Local economic officials are encouraging the state’s gaming task force to embrace changes in gaming laws — like allowing riverboat casinos to move onto land — to help the industry grow and buffer against the ever-growing market in Oklahoma.
President of the Bossier Chamber of Commerce Lisa Johnson, Executive Director of the Greater Bossier Economic Development Foundation David “Rocky” Rockett, and Greater Shreveport Chamber of Commerce President Dr. Tim Magner all made a presentation to the task force late last month. The group asked the Riverboat Economic Development and Gaming Task Force to consider rules to modernize gaming, noting it has been more than two decades since legislation was looked at for the industry.
“It has been 22 years since gaming was first introduced to Louisiana and the task force is looking at current regulations based around riverboat gaming,” said Johnson. “Gaming is not a new industry anymore. Competition is heavy.”
Shreveport’s gaming market ranks No. 15 in the nation in revenue with $688M, according to 2015 numbers.
The Shreveport-Bossier riverboat gaming market has a direct employment 4,317 with 9,065 support jobs and payroll of $136.8M in FY15. Visitors totaled 5,485,864 and spent nearly $275M in FY15.
“Gaming is a cornerstone of our workforce and tax base for our community,” said Rockett.
However, when compared to 2010 numbers, direct employment and support jobs had both dropped 36 percent each by 2015. Admissions had fallen 13 percent, and the number of visitors and their spending both fell by 19 percent in the same year.
“When the boats came online in 1995, you had AT&T, the timber industry, GM, General Electric, and poultry farming in our community, and now and all of those are mostly gone. We ignored the competitive nature of those industries,” Rockett explained.
In a presentation to the board, local officials cited that gaming in Louisiana is seeing diminishing returns due to limitations on gaming space and format, a high tax rate that discourages reinvestment, and lack of evolution to compete with other markets — specifically, the rise of Indian casinos just across the Texas border in Oklahoma. Nearly one of out two casino locations in the U.S. is in Oklahoma.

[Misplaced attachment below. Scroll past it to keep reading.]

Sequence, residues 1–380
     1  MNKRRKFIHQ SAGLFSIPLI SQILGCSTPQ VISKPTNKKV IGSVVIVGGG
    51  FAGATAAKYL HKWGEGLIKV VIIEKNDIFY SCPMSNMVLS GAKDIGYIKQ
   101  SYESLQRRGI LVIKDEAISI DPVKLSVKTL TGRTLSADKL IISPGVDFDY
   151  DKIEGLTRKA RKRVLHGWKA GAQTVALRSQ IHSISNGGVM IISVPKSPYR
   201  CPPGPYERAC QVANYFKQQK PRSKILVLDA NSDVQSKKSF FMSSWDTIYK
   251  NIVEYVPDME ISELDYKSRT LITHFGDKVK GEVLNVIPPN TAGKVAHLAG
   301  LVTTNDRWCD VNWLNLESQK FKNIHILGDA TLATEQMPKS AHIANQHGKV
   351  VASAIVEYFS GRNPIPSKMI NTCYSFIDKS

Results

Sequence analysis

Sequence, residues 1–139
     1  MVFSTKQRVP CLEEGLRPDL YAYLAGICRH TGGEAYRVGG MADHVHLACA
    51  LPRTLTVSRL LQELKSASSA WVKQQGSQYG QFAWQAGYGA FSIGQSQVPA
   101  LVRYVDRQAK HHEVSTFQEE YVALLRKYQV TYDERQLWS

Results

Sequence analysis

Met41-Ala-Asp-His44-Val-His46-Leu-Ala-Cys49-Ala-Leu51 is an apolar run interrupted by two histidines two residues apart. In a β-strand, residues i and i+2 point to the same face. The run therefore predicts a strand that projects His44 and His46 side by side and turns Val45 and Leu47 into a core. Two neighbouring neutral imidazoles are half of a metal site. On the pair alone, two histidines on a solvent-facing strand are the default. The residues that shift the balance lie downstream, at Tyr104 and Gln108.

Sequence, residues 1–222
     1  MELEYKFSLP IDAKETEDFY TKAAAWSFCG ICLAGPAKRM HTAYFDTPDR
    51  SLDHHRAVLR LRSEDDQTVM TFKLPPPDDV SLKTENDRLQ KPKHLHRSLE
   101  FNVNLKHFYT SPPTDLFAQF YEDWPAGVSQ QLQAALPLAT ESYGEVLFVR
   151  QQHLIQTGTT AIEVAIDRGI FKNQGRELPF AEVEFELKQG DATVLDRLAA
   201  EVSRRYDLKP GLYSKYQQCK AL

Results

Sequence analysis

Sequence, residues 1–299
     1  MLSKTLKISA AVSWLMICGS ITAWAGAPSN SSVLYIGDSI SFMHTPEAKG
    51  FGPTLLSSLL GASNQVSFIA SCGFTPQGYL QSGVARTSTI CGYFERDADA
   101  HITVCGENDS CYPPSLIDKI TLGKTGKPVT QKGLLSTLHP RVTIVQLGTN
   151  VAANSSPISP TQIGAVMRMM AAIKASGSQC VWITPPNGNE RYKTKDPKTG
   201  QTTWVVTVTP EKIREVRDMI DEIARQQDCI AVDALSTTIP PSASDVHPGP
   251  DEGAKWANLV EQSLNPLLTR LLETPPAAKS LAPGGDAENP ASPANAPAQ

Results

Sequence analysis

“Woe be unto us if we don’t help one of our major employers and at least allow them to compete against a major competitor,” Rockett said.
The tax revenue generated by casino gaming in Shreveport-Bossier has seen quality of life improvements in the construction of the CenturyLink Center, infrastructure that allowed for the development of the Louisiana Boardwalk Outlets, and several road projects just to name a few.
“It would have been difficult to create and keep up with the opportunities without that revenue,” Rockett noted.
In a story by Baton Rouge Business Report, Ronnie Jones, chair of the task force and of the Gaming Control Board, said it is likely the task force will recommend some form of land-based gaming. That move could spur investment at the local casinos, making them more competitive.
Local officials say this would help the local market in the short term by hedging against gamblers seeking cheaper alternative destinations and, long term, erosion in the form of gaming legalization in Texas.
“This is about surviving and being able to compete,” Johnson said.
[Ed.’s note: An email to the Greater Shreveport Chamber of Commerce for comment was not returned prior to deadline for publication.]